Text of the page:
Once upon a time, someone taught man
That he is at his smartest when he
Extracts the ready facts from a narrative
So as to fashion them into worksheets
And talking points for discussion.
And this he has done proudly ever since,
Having scarcely noticed that it has cost him
The ability to look past the facts he gathers
In order to perceive the import of the story
From which he gathers them.
He can tell you all about it,
Except for what it means.
And so far, he counts this a fair tradeoff,
For it has enabled him to cast off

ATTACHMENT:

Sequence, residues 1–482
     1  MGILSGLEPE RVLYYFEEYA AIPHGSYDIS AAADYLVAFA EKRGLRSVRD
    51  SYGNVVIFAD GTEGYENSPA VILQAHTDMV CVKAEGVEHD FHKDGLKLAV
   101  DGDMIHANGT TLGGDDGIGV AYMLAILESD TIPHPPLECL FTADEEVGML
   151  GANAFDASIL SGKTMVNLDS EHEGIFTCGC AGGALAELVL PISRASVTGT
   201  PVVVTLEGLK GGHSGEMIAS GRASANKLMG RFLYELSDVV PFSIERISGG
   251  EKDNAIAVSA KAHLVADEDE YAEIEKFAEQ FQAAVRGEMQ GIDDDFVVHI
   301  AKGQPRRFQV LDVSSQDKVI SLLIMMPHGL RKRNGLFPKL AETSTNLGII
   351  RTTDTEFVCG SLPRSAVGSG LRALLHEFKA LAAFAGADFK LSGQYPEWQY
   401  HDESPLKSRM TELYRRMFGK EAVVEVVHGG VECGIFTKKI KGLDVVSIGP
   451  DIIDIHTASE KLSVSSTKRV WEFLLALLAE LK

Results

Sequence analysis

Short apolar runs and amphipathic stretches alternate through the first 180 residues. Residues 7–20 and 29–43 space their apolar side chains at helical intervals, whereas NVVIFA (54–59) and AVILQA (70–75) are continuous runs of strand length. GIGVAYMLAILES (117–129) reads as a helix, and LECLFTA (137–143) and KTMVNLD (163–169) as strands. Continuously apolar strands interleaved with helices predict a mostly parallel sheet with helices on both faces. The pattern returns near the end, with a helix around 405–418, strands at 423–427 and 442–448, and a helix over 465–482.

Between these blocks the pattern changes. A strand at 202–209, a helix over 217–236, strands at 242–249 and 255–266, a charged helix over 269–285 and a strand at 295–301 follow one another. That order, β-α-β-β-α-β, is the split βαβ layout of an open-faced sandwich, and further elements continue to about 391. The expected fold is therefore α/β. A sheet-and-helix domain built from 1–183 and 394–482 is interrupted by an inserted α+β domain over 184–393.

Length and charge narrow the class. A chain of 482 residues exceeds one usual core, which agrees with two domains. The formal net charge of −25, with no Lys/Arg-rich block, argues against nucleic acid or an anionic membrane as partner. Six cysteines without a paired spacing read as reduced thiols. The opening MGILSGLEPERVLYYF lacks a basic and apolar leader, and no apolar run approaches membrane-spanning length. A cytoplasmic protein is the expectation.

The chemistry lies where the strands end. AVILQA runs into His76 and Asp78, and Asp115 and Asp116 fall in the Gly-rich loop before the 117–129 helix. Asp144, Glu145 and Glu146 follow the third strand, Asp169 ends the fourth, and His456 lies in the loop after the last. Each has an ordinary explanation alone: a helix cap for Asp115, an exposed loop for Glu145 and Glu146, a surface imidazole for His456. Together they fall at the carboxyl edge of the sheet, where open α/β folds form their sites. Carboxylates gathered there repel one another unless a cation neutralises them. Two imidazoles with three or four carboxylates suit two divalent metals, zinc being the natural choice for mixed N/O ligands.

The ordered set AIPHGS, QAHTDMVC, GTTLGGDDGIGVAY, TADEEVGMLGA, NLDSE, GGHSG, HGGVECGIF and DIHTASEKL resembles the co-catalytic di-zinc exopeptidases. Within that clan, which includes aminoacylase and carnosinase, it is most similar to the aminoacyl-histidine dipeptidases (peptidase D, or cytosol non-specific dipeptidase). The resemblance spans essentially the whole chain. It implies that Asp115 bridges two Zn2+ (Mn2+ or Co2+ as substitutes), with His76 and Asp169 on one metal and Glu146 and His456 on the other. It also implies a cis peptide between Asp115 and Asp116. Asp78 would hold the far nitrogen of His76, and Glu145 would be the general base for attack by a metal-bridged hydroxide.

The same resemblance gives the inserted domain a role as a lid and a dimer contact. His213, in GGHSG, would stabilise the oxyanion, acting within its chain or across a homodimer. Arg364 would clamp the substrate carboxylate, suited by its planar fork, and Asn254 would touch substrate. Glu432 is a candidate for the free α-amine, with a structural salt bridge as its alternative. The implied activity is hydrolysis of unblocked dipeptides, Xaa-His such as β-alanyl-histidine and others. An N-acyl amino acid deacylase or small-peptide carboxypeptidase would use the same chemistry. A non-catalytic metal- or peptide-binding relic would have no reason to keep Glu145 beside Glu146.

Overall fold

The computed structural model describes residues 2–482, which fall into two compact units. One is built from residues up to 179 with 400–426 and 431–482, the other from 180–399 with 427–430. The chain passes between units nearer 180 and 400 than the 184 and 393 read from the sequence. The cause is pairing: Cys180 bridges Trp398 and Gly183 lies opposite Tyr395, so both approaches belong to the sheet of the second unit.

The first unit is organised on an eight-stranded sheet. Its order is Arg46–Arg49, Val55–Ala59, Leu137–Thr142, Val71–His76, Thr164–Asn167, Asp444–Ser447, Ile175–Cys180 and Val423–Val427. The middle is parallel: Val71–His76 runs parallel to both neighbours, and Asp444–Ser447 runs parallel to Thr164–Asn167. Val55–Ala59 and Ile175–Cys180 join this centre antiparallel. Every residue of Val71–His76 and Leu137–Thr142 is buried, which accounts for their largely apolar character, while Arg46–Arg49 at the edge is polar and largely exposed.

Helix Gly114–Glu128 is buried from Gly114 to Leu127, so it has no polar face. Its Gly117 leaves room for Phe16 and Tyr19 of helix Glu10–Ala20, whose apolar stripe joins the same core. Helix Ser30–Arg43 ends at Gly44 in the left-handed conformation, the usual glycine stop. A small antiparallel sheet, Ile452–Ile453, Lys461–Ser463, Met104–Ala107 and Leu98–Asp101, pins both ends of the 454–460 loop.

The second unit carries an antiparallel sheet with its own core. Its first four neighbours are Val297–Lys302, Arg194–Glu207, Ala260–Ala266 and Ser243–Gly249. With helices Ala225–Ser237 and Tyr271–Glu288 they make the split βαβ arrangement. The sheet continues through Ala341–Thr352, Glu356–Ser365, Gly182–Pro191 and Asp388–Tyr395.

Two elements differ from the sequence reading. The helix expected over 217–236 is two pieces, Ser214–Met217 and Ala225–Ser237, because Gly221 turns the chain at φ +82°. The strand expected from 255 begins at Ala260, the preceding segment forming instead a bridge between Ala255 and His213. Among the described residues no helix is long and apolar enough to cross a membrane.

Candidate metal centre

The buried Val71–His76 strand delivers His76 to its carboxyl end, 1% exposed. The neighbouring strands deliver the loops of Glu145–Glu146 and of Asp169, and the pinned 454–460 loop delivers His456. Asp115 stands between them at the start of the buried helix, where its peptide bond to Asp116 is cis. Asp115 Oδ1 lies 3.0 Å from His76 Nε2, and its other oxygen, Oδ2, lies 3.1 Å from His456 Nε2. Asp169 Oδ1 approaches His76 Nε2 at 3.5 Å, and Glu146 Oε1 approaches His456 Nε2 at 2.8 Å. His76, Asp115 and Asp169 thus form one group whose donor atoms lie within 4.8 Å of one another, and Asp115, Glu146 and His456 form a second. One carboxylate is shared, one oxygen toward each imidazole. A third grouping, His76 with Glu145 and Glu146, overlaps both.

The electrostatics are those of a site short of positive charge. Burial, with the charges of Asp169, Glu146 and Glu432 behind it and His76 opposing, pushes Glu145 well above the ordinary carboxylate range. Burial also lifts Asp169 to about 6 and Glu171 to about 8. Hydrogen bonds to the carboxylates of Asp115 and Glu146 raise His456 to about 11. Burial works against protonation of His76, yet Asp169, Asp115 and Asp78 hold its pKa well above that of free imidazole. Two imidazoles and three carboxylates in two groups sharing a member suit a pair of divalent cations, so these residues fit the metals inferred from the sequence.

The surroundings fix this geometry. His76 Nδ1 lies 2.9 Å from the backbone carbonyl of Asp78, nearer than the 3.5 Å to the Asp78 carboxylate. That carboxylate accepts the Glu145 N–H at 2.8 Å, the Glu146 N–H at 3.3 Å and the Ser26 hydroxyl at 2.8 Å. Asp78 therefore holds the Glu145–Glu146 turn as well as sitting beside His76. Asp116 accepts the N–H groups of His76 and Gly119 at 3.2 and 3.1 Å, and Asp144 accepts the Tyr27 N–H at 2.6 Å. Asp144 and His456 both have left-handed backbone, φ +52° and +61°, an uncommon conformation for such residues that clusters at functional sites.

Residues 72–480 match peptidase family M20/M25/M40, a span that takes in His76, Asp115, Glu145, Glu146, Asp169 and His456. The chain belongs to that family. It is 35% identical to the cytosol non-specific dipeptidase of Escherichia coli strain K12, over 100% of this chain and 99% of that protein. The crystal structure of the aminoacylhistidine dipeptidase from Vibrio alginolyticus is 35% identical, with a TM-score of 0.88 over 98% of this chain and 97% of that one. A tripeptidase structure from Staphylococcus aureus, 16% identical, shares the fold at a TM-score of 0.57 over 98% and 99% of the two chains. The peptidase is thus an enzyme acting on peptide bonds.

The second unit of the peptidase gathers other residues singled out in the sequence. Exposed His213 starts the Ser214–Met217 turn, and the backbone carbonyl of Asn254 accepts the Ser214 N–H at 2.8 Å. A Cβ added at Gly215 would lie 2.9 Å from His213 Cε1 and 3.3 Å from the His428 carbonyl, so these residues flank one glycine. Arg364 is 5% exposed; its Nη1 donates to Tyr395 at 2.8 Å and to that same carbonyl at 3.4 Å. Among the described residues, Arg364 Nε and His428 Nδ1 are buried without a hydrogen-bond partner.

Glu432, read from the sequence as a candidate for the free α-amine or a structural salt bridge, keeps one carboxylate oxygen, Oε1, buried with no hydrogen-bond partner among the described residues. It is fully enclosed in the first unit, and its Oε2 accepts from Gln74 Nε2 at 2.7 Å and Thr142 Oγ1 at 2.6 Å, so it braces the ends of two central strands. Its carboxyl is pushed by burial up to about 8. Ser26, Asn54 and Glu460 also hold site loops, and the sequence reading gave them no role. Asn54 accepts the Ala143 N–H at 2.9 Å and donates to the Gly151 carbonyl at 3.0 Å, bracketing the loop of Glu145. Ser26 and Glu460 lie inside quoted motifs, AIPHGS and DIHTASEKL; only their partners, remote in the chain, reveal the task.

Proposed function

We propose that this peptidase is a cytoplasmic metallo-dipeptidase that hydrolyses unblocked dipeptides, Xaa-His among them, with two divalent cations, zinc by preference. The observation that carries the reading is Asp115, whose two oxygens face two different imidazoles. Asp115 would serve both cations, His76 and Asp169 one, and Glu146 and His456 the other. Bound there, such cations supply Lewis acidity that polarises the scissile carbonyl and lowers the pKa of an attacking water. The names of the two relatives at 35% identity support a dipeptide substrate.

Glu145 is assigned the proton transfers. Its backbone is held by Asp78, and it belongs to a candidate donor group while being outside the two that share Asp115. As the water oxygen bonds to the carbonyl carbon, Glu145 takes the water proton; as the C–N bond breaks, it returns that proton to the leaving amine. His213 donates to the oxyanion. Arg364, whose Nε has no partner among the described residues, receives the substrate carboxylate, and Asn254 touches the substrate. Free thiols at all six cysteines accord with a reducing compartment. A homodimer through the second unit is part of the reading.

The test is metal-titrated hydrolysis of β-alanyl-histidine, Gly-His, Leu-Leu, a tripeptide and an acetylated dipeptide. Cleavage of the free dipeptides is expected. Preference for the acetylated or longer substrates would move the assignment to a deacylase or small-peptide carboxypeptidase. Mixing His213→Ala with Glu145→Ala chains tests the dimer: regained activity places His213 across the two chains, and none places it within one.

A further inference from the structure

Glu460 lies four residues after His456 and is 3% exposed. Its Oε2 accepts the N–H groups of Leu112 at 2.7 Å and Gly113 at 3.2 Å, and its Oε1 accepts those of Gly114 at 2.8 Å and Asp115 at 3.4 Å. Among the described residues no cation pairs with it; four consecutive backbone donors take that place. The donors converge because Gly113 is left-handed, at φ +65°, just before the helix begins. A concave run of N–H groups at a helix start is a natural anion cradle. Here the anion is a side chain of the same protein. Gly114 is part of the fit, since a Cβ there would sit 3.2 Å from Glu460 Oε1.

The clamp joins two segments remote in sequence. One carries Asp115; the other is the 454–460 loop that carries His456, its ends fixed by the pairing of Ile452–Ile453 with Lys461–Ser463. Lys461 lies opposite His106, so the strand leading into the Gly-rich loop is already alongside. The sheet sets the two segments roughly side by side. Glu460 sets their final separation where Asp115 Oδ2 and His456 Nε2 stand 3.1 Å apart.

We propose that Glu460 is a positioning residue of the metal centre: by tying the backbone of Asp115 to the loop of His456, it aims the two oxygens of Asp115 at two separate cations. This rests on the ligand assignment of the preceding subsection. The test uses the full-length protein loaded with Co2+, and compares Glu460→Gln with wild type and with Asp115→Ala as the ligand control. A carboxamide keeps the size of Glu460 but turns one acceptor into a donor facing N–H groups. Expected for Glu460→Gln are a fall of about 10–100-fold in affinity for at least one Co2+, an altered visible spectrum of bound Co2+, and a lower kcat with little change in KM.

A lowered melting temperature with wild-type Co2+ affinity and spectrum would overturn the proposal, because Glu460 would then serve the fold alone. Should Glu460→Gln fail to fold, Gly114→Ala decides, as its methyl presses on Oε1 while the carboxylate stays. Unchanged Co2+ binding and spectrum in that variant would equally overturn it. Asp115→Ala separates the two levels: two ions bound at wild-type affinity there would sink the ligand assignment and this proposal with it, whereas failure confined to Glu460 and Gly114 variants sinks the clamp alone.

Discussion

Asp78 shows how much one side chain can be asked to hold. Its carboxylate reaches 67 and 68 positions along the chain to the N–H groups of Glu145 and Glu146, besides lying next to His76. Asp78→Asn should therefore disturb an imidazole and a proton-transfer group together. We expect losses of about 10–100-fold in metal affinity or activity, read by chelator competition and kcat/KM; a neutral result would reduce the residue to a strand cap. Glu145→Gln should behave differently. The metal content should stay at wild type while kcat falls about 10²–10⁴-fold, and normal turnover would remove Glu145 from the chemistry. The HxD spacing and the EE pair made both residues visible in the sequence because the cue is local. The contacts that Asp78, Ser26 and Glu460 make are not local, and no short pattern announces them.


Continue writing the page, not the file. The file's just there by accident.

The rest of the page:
The age-old concern of story
The proper ordering of the world,
Both without and within―
Supplanting it easily enough with the
Academic parlor tricks from which he can
Draw the applause of that obliging audience
Of which he himself is the principle part.
And really, who needs meaning when
He is already full of himself?
Moreover, who can chance it
To look past those facts and
Perceive the very story he fears
Might reveal his emptiness?
Aloof, he uses the facts
With which to keep the story at bay―
The details to shield himself
From the meaning
And the busyness of it all
As a stand-in for accomplishment
All of this,
When what the human soul
Had always needed the very most
Was but to listen and try to tell it back.